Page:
Sushma Iyengar began working with women in the villages of Kutch in 1988 and founded KMVS in 1989 as a membership-based organization, of which she is a Member Trustee and Vice President. In 1998, Sushma co-founded Kutch Nav Nirman Abhiyan, a district level collaboration of voluntary organizations, which coordinated disaster relief and rehabilitation work as well as developmental initiatives. She heads the Craft Resources Center to provide and facilitate trade, market design and technological support to craft organizations and artisan groups in Kutch. She was a member of a team that visited women's groups in Europe, participated in the 1995 UN World Women's Conference in Beijing nd represented India in the first Asia-Pacific preparatory meet in Manila. She received the 'Gondhia Award for Social Work' by Young Men's Gandhian Association, Rajkot in 1996 and was nominated in the public service category of the CNN-IBN Indian of The Year for 2007. Sushma obtained her B.A. and M.A degrees in English/Comparative Literature from M.S. University, Baroda in 1985, and obtained her Master of Professional Studies in Development Communication from Cornell University in 1988.



Dr. Shobha Krishnan, discussing HPV, cervical cancer and screening techniques with women at KMVS in winter of 2008.

Liladhar Gada is a trustee of Shri Bhojay Sarvoday Trust. Bhojay emerged in 1996 with the objective to provide the basic health facilities to the dispossessed of rural Kutch, especially in remote areas where the number of deaths due to lack of medical facilities or treatment were on the rise. Kutch comprises of 10 blocks (Talukas) with 875 villages. Bhojay itself is located 40 kms. from Mandvi and opened in 1998. The hospital caters to the medical needs of the rural population from West Mandvi, Abdasa and Lakhpat blocks and has collaborated with KMVS in the past to provide women suffering from problems related to reproductive organs access to medical services, arrange quarterly surgical camps, train Dais and health workers and undertake an education and awareness program focused on women’s reproductive health.

Alka Jani was one of the founding members of KMVS in 1989 and has been extensively organizing, mobilizing, and training rural women in poverty since then, serving as Executive Secretary of KMVS for several years. She currently directs the HRIDay Cell and focuses on health, capacity-building and leadership training. In 2005 she was one of the 1000 women nominated for the Nobel Peace Prize and awarded the GramVikas Paritoshik in 2004. She holds a Masters in Commerce.

  Preeti Soni has worked for KMVS for the last 16 years in Community Media helping in policy advocacy at the national level through the community radio station and working for pluralistic culture intervention in Kutch. In 2009 she was selected as the Executive Secretary of KMVS.

Tarnistha Ray worked in the field of health as a district NGO coordinator in the field of Mother NGO Project Phase II and spent two years working on education for disabled children. Currently she is working as KMVS Secretariat Program Coordinator and thereby supporting health activities of KMVS. Tarnistha received a Masters in Social Work in 2003.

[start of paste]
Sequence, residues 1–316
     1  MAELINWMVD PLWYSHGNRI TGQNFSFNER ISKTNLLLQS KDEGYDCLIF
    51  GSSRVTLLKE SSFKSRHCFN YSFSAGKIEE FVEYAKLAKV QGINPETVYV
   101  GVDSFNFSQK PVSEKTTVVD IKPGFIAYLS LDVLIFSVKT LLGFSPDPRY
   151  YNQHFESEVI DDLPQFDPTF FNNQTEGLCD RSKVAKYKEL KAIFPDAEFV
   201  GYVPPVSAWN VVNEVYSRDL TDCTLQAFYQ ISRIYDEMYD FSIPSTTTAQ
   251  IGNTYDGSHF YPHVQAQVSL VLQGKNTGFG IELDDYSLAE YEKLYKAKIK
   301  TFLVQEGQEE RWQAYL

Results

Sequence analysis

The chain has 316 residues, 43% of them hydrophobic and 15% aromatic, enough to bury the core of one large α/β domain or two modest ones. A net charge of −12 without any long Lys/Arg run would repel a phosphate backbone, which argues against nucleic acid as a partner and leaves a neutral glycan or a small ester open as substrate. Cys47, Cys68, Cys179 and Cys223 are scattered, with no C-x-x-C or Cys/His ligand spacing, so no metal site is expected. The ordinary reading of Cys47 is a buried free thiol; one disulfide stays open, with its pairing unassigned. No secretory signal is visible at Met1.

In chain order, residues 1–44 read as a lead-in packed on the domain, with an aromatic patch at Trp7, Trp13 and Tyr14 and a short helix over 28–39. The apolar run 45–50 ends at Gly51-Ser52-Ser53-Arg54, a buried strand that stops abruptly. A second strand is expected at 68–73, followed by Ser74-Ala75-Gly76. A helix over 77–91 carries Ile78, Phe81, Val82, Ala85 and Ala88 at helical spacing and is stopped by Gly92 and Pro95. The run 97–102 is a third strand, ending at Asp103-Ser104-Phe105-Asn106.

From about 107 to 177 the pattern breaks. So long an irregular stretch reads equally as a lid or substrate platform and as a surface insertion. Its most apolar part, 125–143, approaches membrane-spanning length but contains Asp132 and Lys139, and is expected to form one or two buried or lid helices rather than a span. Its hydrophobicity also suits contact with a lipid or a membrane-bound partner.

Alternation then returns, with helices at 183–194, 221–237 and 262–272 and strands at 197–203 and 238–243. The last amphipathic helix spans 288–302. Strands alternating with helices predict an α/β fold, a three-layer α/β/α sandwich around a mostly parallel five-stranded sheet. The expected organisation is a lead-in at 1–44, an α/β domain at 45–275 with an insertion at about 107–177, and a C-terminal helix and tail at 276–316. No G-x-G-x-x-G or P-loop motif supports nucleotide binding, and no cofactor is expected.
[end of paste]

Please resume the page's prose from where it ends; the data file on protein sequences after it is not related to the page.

Damyantiben Joshi has worked with the KMVS for the past 10 years in the mobilizing and organizing of rural women. In addition, she supports the women’s other needs and assists HRIDAY cell in various health based training. 

Bharti Khodiiyar has worked as a Health trainer in both general and reproductive health with KMVS for the last 3 years. She holds a nursing degree and specializies in Maternity, child care and working as Main Health Trainer. In addition, she has taken certificate courses in Food and Nutrition and child development and holds a M.A. in Sociology.

Alice Drain is a senior at Yale University majoring in history. She is involved in community service and currently serves as the Education Network Coordinator for Dwight Hall, the independent center for public service and social justice at Yale, and as a volunteer at The Connecticut Hospice. A course on public health convinced Alice to make the transition to medicine, and she plans on enrolling in a post-baccalaureate program after obtaining her B.A. Alice traveled to the Kutch area in the summer of 2009 and worked with Dr. Krishnan and KMVS/ Bhojay Trust to launch the Cervical Cancer Awareness and Screening Project.

Surbhi Grover is a Radiation Oncology resident at Hospital of University of Pennsylvania. She received her MD from Harvard Medical School and her BA in Economics from Columbia University. During medical school she worked under Professor Jeffrey Sachs and other economist at the Earth Institute on evaluation of the National Rural Health Mission, a rural health initiative by the Ministry of Health of India. Her interest in onocolgy and public health and well suited for her passion for women's health and more specifically cervical and breast cancer screening and awareness program implementation and upscaling. She hopes to continue to contribute towards cancer prevention efforts in India through her residency and beyond.